When it comes to motivating your team you're pretty confident you have the basics down. You trust and appreciate them, offer feedback and career development, communicate the value of the work they do, and even ensure they take time to recharge and avoid burnout. But even good managers always have room for improvement.
Just ask Teju Ravilochan, co-founder and CEO of the Unreasonable Institute, who recently went looking for ways to do an even better job of bringing out the best in his team, searching out criticism so he could further tune up his leadership abilities. He wrote up what he learned on the Unreasonable Institute blog, inspiring me to scour the web for other great tidbits of advice on the topic. Here are some of the best and least expected, including one from Ravilochan:
1. Take a leap of faith
The surest way to bring out the best in your team is to believe the best of them. That means starting with the assumption that they're going to rock every assignment, even if there's no evidence yet to support that optimism.
It might be scary, but “giving teammates license they haven't previously had or giving them a task they haven't proven they can do yet,” is essential according to Ravilochan. “You want people who punch above their weight class on your team anyway. That means trusting them with things you don't know they can do yet, reserving judgment, and then giving them honest feedback,” he explains.
2. Tap into everyone's knowledge
In a fair world, who we listen to would be based on who had the most relevant information. In the real world, it's often the loudest person who dominates a discussion, not the most knowledgable. Needless to say this stifling of quieter (but more expert) contributors can be pretty discouraging for a team.
Recent research offers a suggestion to help avoid this problem, bringing out the best in your team no matter their comfort level with shouting over loudmouths. “Early in a task, team members should be encouraged to discuss the relevant knowledge each brings to the table. In a series of lab experiments, groups that underwent this intervention outperformed other groups,” the study authors wrote on the HBR blogs. More details on exactly how to accomplish this in the post.
3. Separate idea generation and idea evaluation
From the perspective of an individual contributor, among the most deflating experiences in the world is getting yourself excited about a new idea only to have it inexplicable ignored. Management's perspective is more complicated, however. You want to empower your team to innovate, but on the other hand, you also need to rigorously evaluate new ideas. How do you balance the need to encourage creativity with the need to be picky about which ideas you implement?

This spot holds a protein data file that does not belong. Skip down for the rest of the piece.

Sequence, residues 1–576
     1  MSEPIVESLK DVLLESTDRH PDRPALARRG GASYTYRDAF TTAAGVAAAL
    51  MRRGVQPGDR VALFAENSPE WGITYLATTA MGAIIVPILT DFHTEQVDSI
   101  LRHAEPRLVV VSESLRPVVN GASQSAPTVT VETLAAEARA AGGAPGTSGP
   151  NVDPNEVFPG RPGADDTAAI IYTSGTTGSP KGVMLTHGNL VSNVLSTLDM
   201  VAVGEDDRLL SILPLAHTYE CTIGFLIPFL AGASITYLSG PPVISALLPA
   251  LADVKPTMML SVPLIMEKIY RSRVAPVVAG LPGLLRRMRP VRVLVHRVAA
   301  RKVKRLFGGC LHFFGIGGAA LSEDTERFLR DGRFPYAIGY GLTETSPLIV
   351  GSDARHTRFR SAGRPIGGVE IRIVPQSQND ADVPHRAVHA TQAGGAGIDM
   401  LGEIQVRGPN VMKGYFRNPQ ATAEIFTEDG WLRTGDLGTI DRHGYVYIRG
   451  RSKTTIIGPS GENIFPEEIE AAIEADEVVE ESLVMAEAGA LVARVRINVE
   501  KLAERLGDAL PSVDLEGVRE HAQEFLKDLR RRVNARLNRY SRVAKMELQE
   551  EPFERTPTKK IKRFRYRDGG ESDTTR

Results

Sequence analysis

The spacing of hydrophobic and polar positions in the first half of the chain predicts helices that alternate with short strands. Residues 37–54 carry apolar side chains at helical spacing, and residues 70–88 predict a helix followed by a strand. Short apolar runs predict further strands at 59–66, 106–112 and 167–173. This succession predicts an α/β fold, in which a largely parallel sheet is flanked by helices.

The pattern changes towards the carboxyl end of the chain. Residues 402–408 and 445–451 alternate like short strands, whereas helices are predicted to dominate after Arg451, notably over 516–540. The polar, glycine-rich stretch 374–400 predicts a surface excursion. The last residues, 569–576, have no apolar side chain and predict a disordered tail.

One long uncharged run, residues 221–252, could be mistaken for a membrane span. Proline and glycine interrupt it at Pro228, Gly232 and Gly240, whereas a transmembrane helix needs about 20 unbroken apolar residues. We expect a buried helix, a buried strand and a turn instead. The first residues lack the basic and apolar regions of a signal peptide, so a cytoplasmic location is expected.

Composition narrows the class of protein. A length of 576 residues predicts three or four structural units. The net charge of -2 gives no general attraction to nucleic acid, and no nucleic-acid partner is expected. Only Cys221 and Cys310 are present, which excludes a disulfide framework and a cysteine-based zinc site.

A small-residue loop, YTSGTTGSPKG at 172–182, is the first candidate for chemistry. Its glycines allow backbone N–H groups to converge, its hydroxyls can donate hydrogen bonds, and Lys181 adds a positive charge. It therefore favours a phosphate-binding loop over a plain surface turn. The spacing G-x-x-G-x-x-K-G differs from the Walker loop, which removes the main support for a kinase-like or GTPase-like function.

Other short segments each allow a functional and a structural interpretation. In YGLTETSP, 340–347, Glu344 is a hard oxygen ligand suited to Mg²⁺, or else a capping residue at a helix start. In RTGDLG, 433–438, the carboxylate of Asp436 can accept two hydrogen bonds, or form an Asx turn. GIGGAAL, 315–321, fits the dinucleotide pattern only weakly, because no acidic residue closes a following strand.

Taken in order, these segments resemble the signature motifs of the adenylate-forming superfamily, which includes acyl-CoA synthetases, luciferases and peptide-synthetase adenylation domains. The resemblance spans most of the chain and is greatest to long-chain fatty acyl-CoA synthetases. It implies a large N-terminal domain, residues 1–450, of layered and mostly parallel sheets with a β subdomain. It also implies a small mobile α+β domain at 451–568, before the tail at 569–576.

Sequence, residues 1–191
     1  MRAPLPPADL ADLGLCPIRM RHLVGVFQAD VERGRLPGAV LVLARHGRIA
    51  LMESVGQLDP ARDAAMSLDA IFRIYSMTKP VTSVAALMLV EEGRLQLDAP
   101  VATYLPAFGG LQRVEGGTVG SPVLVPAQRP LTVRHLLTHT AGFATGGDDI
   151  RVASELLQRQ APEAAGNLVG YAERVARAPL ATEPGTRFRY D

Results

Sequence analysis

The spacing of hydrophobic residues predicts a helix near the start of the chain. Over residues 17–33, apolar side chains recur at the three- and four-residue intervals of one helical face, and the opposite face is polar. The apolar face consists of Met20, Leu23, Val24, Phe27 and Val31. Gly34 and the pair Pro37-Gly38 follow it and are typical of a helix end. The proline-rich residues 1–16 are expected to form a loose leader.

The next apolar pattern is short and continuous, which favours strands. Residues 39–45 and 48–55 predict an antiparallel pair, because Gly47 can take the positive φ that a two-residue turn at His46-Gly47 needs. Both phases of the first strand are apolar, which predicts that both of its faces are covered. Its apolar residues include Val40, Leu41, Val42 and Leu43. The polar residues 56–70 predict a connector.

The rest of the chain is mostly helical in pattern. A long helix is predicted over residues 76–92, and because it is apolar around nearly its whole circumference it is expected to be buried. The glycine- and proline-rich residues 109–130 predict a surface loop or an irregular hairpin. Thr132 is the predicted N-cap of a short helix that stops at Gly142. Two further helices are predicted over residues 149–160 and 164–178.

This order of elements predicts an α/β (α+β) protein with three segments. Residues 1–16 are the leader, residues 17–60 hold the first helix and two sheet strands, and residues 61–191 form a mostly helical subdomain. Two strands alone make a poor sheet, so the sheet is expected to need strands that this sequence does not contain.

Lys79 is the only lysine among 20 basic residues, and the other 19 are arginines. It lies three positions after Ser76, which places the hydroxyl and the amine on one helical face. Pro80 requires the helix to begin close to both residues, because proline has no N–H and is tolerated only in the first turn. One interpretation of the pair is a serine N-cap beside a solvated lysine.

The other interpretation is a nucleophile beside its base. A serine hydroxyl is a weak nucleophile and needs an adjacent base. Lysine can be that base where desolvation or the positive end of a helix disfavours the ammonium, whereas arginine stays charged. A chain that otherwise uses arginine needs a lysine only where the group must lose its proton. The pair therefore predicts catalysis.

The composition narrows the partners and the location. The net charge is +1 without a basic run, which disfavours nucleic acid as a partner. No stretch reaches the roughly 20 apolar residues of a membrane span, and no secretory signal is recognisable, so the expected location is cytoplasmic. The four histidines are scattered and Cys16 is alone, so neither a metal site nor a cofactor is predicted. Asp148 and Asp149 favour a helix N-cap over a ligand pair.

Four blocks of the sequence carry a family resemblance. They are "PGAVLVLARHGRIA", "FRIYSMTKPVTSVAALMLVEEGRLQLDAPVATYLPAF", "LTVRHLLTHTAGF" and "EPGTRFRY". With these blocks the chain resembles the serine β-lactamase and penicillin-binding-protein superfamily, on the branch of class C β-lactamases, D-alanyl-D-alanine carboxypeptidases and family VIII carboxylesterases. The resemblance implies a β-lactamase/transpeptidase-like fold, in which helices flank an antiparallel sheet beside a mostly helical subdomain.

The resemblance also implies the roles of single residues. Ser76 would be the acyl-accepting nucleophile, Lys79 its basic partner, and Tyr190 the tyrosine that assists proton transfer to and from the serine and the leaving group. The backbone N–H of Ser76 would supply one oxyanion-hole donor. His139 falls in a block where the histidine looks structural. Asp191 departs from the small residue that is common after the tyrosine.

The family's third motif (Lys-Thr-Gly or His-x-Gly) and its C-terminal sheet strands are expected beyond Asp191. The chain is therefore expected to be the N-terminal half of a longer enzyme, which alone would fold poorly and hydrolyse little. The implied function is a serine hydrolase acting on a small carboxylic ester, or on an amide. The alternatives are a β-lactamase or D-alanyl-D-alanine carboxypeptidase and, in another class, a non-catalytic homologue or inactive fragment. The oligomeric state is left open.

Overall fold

Writing on Lifehack, executive coach Ricky Nowak offers some advice. “Don't make the common mistake of mixing idea generation and idea evaluation,” she says. At the idea generation stage, there are no bad ideas and quantity is more important than quantity. Idea evaluation “focuses on working with the pool of generated ideas and evaluating their positives and negatives, trying to figure out if an idea is feasible.” Keep these stages apart or risk sinking your team's enthusiasm for innovation.
Another idea to accomplish the same goal? Stanford GSB professor Jonathan Bender suggests “a formal rubric, or scoring system, where their ideas are graded on various dimensions, such as technical merit and market potential.” This keeps things objective and impersonal while offering actionable feedback.
4. Work yourself out of a job
Nearly every expert agrees that to bring out the best in your people, you need to help them grow in their jobs and develop new skills. Sometimes that's scary as it means, essentially, training your team to do parts of your own job, or alternately, letting them learn to do things way beyond your own abilities. Embrace this reality even if it makes you nervous, argues one article on the subject from London Business School.
“One useful way of approaching a management job is to imagine that the role won't exist in, say, two years' time and that your job is to train everyone so that they can do your job as well as their own. Doing that encourages you to hire and promote the best people. It forces you to question why you do certain things at all, and it inspires you to delegate many of your tasks to the people working for you,” it explains.
5. Banish your biases
Think you're free of unconscious preferences and irrational pet peeves? Think again. Everyone has them and left unexamined they can be highly de-motivating for your team. The trick according to Forbes contributor Bruce Kasanoff is to take the time to understand (and correct for) your own biases.
“Each of us has certain attitudes and biases that prevent us from seeing the truth. The better we understand them, the better we can make adjustments. For example, if you tend to be a planner, you might think that an employee behaves rashly because she invests little time in planning; but the reality may be that she is better than you at thinking or her feet,” he writes.